Jaguar processor from AMD boasts four cores for mobile applications

August 29, 2012 // By Rick Merritt
Advanced Micro Devices will describe Jaguar, a low-power x86 core for notebooks, tablets and embedded systems at Hot Chips. Jaguar packs four x86 cores into one unit with a large shared L2 cache to compete both with Intel’s Core and Atom chips.

In a separate keynote talk, AMD will announce a follow-on for its HyperTransport processor interconnect. Freedom Fabric aims to link thousands of cores at more than a terabit/second, likely based on technology acquired from SeaMicro.

AMD is expected to try to make Freedom Fabric an industry standard across x86, graphics and ARM cores, competing with the proprietary Quick Path Interconnect on Intel’s CPUs. Last week, the RapidIO Trade Association said it is trying to get ARM and its SoC partners to adopt its technology as a processor interconnect.

As for the Jaguar core, AMD predicts that based on simulations it will deliver more than ten percent higher frequencies and more than 15 percent more instructions per clock than Bobcat, its current low power x86 core. Jaguar will appear in 2013 in AMD’s Kabini SoC for low-power notebooks and in Temash, AMD’s first sub-5W SoC, aimed at tablets.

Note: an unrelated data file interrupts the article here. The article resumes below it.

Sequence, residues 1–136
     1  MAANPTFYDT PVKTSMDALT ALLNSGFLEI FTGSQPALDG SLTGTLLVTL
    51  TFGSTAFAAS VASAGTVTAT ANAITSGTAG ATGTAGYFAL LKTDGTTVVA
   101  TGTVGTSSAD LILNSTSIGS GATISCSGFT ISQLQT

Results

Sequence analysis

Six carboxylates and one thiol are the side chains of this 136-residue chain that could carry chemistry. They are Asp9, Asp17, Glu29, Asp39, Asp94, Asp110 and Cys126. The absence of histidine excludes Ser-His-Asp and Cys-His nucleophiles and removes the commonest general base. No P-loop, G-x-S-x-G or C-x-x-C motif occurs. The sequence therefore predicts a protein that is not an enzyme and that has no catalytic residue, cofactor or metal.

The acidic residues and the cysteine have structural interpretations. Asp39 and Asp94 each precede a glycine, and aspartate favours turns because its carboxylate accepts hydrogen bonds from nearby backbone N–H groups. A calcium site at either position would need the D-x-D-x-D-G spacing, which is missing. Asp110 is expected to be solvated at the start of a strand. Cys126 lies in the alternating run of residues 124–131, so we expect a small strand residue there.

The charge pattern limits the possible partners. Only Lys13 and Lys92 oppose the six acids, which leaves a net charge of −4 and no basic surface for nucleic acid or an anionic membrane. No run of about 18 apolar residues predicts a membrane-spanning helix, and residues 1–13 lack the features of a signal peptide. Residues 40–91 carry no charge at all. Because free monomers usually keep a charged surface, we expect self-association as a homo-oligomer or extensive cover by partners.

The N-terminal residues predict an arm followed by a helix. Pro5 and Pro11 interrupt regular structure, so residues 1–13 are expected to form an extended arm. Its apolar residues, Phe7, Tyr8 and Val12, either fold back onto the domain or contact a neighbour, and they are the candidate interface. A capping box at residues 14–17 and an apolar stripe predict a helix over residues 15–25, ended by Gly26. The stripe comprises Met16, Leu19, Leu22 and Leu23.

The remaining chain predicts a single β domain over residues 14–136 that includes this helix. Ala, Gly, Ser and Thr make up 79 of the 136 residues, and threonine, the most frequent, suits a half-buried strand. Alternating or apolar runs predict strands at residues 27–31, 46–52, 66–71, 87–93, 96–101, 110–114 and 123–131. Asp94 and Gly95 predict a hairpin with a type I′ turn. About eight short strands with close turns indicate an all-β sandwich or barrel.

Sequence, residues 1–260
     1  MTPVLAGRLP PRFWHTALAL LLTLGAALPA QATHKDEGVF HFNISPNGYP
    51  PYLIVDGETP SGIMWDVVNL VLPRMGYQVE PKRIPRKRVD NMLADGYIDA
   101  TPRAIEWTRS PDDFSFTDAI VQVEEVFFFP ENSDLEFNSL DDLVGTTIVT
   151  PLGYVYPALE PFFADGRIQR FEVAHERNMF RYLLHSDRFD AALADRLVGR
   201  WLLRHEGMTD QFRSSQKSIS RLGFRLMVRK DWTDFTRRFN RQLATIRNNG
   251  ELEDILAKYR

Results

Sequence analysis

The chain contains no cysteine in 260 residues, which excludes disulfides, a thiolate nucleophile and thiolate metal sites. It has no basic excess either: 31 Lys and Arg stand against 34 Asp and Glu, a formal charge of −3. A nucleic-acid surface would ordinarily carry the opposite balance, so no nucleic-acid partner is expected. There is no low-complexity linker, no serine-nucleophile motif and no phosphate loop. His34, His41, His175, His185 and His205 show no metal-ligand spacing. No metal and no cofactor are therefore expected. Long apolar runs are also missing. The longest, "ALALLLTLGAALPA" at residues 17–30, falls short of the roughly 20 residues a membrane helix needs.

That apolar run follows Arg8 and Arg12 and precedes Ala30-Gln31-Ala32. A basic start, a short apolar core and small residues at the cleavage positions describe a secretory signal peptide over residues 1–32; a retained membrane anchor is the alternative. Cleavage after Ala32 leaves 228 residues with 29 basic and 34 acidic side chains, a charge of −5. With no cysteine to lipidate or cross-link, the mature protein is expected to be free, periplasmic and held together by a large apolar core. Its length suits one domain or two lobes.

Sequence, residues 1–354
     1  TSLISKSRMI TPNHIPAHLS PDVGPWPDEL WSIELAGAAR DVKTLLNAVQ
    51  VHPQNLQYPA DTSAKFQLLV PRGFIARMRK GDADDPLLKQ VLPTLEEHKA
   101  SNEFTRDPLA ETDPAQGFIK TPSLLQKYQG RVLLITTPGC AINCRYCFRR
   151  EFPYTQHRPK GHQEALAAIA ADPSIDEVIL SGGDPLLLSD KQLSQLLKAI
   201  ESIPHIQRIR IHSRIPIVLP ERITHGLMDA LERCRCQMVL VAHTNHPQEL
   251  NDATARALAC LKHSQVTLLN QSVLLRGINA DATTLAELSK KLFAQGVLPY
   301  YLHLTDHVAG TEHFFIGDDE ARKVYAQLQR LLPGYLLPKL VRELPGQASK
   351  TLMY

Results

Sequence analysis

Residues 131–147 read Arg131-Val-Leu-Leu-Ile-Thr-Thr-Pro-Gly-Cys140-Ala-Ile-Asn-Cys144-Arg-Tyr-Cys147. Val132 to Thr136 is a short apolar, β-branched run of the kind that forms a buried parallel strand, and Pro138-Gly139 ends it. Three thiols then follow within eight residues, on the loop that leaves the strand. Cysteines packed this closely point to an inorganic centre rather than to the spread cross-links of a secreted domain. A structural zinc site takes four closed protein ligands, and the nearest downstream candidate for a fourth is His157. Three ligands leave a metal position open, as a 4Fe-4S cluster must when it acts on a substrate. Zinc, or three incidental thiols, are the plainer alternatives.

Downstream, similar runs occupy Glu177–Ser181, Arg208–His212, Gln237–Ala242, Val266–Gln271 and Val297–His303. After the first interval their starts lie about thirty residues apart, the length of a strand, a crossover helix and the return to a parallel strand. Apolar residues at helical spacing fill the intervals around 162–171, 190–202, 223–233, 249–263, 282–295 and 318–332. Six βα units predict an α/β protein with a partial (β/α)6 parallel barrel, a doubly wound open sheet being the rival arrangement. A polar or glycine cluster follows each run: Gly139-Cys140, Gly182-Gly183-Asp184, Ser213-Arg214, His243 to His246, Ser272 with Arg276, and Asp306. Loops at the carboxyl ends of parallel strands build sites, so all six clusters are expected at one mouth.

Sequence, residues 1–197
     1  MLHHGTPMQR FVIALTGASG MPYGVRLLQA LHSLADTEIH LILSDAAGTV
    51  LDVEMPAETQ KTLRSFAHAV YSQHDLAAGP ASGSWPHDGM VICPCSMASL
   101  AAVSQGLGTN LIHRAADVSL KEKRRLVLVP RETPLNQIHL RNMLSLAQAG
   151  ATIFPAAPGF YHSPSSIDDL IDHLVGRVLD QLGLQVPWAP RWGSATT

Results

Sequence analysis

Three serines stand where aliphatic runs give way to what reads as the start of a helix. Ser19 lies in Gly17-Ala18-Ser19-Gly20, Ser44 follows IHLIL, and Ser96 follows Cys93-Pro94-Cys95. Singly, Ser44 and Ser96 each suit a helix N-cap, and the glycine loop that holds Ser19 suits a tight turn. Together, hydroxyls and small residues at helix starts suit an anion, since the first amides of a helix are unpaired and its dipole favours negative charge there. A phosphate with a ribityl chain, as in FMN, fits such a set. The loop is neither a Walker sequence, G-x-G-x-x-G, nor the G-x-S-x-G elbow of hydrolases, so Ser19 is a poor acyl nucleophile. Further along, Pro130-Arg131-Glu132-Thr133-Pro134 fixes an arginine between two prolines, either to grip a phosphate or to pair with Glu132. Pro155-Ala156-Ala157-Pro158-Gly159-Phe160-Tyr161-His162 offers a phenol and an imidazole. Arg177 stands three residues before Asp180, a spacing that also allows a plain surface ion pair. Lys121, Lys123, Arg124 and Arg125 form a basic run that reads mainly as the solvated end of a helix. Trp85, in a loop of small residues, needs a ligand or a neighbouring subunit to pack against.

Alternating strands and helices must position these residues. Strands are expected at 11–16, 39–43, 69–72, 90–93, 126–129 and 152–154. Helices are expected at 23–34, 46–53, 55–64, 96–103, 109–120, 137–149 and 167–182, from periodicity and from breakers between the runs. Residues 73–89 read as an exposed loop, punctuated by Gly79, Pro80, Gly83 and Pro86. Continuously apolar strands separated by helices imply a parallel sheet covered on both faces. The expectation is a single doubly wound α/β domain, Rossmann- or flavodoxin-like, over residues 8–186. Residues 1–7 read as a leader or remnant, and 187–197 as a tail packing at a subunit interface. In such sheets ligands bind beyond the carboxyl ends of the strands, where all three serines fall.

The chip sports a re-designed load/store unit and an expanded 128-bit floating point unit. It includes several new instructions to support AES encryption, accelerate media processing and switch big/little endian structures for embedded systems. But the most novel aspect of the new core is its use of four x86 cores in a single unit sharing one L2 cache.

“From a core perspective we will call this a four-core unit that forms the building block of an SoC design,” said Jeff Rupley, an AMD Fellow and chief architect of Jaguar. “It’s possible to fuse off some cores for lower end or lower power designs,” he said.

AMD found sharing one 1-2 Mbyte L2 cache among the cores saves silicon area over using four private caches. It also provides a performance boost when only one or two single-threaded cores are running and can then access a larger memory pool.

“Generally the larger cache outweighs the latency” of needing an L2 cache interface, Rupley said. “There could be an app where the latency increase defeats the